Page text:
I am developing an assessment piece where the content is the same but the particular numbers are different for each student. It involves finding Triangle Centers given points using coordinate geometry. The particular skills it is assessing (for/as/of) are

  • calculating distances, gradients and midpoints
  • forming equations of lines
  • perpendicular gradients
  • simultaneous equations
  • graphing points and lines

I am giving each student different randomly generated vertices and asking them to work out 4 triangles centres graph the results. As I've written it is quite guided with the main tasks being calculations between suitably chosen points and graphing. I'll be generating individualised answers as well. See below for a draft.

(I am using Mathematica to generate the initial points and answers including graphs. I export these to Excel and mailmerge them in Word. )

triangle centres draft

What are the pedagogical issues at play? References welcomed! My own ideas are shown below. I am not so interested in the technical issues involved (Google "latex random test").


  • To encourage students to share skills not answers
  • To give students a sense of ownership
  • To combat cheating (not a concern in my case, it is more assessment for learning)


  • Difficult to create individualised questions, needs a thorough understanding of the problem and it's algebraic solution
  • Unintentional differenation (eg one set of numbers may require a much easier solution than another)

I have particular objective in mind for this project at this stage (paper based, an activity not a test, papers should be of the same difficulty, I like this triangle centres task), but there are some obvious extensions (other maths content, differentiation, automated marking).

Update Having run this in highschool class the main feedback I got was that it was too challenging for most. The most important pedagogical thing which emerged was the need to differentiate. To modify the task to make it easier one could:

  • present a partial solution

  • algorithmically, select points which have more simple intermediate steps.

Both of which require more work for me! Hence, it is "difficult to create individualised questions, needs a thorough understanding of the problem and its algebraic solution."

  • $\begingroup$ Certainly cases that give rise to vertical and horizontal lines are special, the former perhaps causing extra difficulties, the latter perhaps being simpler, and different than cases in which no side is parallel to an axis. Since you ask for the equations in point slope form, examples such as that pictured, featuring a vertical line, would cause problems. Note also that to find the center of a triangle, one does not need to find the equations of the lines containing its sides. $\endgroup$ – Dan Fox May 5 '19 at 15:03

To encourage students to share skills not answers

This is great in principle, but the question in my mind, based on your sample, is what would be the intellectual content presented by one student to the other. Because the problem is stylized and you're generating a lot of them, the danger might be that your students would infer that the important thing here is to learn to execute an algorithm, without any conceptual understanding. So maybe student A succeeds in getting the right answers to their problem, based on a model you did on the board. Then student A shows their scratch work to student B, who works through the same algorithm with their numbers.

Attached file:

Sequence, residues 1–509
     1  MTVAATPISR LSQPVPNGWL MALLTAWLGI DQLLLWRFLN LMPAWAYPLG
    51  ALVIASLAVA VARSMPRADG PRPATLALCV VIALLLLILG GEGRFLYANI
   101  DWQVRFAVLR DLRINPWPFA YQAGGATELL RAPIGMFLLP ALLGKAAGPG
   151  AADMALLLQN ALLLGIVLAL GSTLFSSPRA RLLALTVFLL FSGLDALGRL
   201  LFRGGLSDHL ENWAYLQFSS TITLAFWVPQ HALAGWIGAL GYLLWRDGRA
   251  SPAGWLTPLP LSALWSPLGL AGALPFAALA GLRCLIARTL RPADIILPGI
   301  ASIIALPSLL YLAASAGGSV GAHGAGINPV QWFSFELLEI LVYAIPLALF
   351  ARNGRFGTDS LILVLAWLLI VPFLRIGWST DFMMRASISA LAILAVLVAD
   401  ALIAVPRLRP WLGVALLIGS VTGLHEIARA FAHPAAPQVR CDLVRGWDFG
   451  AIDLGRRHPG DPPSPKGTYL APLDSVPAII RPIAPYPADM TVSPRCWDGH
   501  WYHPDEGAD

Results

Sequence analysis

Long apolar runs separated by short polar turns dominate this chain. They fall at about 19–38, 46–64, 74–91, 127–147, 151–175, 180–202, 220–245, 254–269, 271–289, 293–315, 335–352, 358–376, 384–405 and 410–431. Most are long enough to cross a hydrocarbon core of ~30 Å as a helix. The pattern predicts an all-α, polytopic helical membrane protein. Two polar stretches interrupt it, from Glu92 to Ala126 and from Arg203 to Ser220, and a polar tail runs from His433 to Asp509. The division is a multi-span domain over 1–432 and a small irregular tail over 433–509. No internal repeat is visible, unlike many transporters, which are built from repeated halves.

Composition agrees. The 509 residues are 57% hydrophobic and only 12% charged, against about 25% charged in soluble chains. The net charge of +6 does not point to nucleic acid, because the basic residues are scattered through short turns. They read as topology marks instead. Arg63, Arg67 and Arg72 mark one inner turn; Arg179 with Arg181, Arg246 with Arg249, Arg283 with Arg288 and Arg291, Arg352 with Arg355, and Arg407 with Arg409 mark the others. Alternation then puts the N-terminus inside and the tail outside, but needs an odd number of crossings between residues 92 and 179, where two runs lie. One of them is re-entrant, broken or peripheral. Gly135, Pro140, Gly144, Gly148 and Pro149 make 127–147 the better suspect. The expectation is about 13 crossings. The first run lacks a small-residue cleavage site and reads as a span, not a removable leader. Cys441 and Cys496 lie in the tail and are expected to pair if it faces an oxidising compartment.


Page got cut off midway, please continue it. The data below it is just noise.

Now you could say this is fine, and they've successfully shared a skill. A has helped B to learn. But it may be that they don't understand the concepts, and therefore their mastery is basically fragile and useless. All they know how to do is fill out a worksheet with exactly this stylized form.

I definitely see this happening with physics students at my school, where some of the teachers use a commercial answer-checking system provided by the book publisher. Many students pay for a monthly membership with a sleazy web site called Chegg, which provides them with worked solutions to all the problems. The numbers are different, but the students just work through the steps with their numbers. They don't understand what they're doing, and their skill doesn't generalize to other problems.

What has worked better for me is to take the time to write problems that are actually qualitatively different, and then randomly assign different problems to different students. Here are two problems I assign that basically use the same skills and are at comparable levels of difficulty, but differ from each other in qualitative ways:

  1. Aircraft carriers originated in World War I, and the first landing on a carrier was performed by E.H. Dunning in a Sopwith Pup biplane, landing on HMS Furious. (Dunning was killed the second time he attempted the feat.) In such a landing, the pilot slows down to just above the plane's stall speed, which is the minimum speed at which the plane can fly without stalling. The plane then lands and is caught by cables and decelerated as it travels the length of the flight deck. Comparing a modern US F-14 fighter jet landing on an Enterprise-class carrier to Dunning's original exploit, the stall speed is greater by a factor of 4.8, and to accomodate this, the length of the flight deck is greater by a factor of 1.9. Which deceleration is greater, and by what factor?